CINCINNATI – After losing back-to-back road games, No. 10 Xavier faced a unique juncture upon its return to Cintas Center for Saturday’s game against No. 25 Creighton.
It could succumb to a third straight loss, unmoored by a collective lack of energy, careless turnovers and spotty defense. Or it could return to the win column by converting defense to offense and creating good shots.
The Musketeers chose the latter. They handed Creighton a 92-70 defeat and snapped the Bluejays’ four-game winning streak along the way.
“I think it was a great win for us to kind of get our confidence, get our swagger back rolling again,” junior Kaiser Gates said.
Trevon Bluiett led the Musketeers (16-3, 4-2 Big East) with 24 points and Gates added 16 points and eight rebounds. Creighton (14-4, 4-2) was paced by Marcus Foster’s 16 points.
Here are the top takeaways from the outing:
1. A lineup shake-up paid dividends
Coach Chris Mack said earlier this week that he wasn’t averse to mixing up the starting lineup to jump-start the Musketeers, and he made good on that sentiment Saturday.
Naji Marshall and Kerem Kanter played so well at Providence and Villanova that they earned starting nods in place of Kaiser Gates and Tyrique Jones. Mack credited Marshall’s energy on the glass and good defense for his place in the starting rotation. Kanter has been consistently solid, with a combined 40 points in the prior two games.
Whether it was the lineup change, the home crowd of 10,655 or the collective desire to start a game with authority, Xavier had no energy shortage. The Musketeers forced five turnovers before the first media timeout.
Gates came off the bench to play one of his best games all season. He attacked the glass for offensive rebounds, converted putbacks and made shots from the perimeter to the free-throw line.
Jones was the only scholarship player that did not play, and that was largely due to a right hand injury. He banged his hand at practice the day before and wasn’t feeling 100 percent, Mack said.
2. For XU, it all started with defense
Creighton has thrived this season by taking care of the ball and minimizing fouls. The Jays didn’t excel in either area against Xavier, coach Greg McDermott said, and that’s why they lost.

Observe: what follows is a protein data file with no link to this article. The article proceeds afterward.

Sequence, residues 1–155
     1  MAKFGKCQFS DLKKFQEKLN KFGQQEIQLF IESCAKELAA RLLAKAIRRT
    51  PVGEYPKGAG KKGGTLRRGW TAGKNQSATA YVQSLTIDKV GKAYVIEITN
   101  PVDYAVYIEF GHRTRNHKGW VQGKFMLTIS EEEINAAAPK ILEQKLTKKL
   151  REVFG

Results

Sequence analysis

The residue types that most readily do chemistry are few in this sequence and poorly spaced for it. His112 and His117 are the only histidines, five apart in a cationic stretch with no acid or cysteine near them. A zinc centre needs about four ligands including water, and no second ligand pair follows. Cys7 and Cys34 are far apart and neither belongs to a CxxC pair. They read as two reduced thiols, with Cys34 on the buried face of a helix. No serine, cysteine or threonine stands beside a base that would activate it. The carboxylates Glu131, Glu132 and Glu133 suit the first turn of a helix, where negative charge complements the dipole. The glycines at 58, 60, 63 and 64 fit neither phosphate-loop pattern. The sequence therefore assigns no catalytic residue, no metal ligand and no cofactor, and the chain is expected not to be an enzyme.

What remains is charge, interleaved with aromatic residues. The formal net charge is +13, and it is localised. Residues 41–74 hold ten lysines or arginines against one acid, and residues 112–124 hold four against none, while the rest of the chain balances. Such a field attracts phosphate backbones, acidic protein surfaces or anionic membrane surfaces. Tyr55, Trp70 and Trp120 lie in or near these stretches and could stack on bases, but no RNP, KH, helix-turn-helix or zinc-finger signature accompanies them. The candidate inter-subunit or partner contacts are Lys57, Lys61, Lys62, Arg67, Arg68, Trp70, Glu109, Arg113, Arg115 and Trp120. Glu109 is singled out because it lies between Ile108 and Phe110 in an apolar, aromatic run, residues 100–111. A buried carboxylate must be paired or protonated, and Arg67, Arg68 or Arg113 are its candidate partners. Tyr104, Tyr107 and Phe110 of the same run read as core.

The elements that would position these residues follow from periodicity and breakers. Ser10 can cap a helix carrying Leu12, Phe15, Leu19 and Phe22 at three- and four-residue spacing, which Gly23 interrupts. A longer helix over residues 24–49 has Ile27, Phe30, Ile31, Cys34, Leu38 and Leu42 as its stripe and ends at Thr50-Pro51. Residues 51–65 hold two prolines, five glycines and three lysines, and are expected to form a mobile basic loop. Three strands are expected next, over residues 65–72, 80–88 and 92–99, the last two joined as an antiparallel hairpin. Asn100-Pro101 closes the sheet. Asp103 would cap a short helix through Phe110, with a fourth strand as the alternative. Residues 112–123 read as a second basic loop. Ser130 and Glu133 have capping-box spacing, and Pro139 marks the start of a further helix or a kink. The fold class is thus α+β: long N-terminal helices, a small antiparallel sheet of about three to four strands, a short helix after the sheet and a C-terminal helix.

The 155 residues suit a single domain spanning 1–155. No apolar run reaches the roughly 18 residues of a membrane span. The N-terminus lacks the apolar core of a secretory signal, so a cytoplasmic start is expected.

XU scored 21 points off Creighton’s 20 turnovers.
“I think that when you get a few opportunities because of your defense, out in transition, guys running the lanes, getting an open three, then you’re not faced with so many half-court possessions where other teams scout, they play hard. It’s more difficult to score at times against a half-court set defense,” Mack said.
Creighton entered the game averaging a Big East-best 89.9 points but finished with its second-lowest point total this season.
Khyri Thomas normally averages 14.9 points but went a 0-for-8 and contributed just two points via free throws. Martin Krampelj eked out four points, down from his usual average of 12.8. Toby Hegner (9.6 ppg) made two free throws.
3. Trevon Bluiett's shooting woes disappeared
It was fitting that former Musketeers player Matt Stainbrook was at practice earlier this week and in attendance at Saturday’s game, because Stainbrook struggled mightily with his confidence during his senior season.
A five-point performance in a 2015 loss at DePaul weighed heavily on him. It took a monster double-double at Creighton several weeks later for Stainbrook to shore up his confidence.
So Stainbrook knew exactly what Trevon Bluiett endured in Xavier’s prior eight games. Bluiett shot just 34.2 percent in that stretch and lacked the smooth, quick-trigger shooting that has characterized his Musketeers career.
Bluiett regained that stride against the Jays, burying five 3-pointers and grabbing five rebounds in his 24-point afternoon. It wasn’t a flawless game, as he led the team in turnovers as well (4), but it was the kind of day the senior desperately needed.
4. Mack achieved a milestone
With the Creighton win, Mack tied Pete Gillen atop Xavier’s all-time wins list (202 victories). He could break the record Wednesday against St. John’s.
Mack has never been one for personal accolades, which is why Marshall, Gates and Kanter had no idea he’d even secured one when asked in their post-game press conference.
That was just fine with their coach. He said win No. 202 was about a series of games, not just the Creighton game, and it was more a tribute to the players who competed in the outings.
“When I played in 1992 – or at least was on the team; I didn’t play a whole lot – we didn’t think of it as ‘Pete Gillen’s wins’ when we won a game. We just didn’t,” Mack said.
“And when we get together and I see guys like Tyrice Walker and Erik Edwards and Brian Grant, we don’t call Coach Gillen and say, ‘Hey, have a beer and let’s talk about all the games you won.’ And I don’t think those guys in the locker room will do that in 30 years either. That’s why they probably don’t know, because they don’t feel that way. And I don’t feel that way, either.”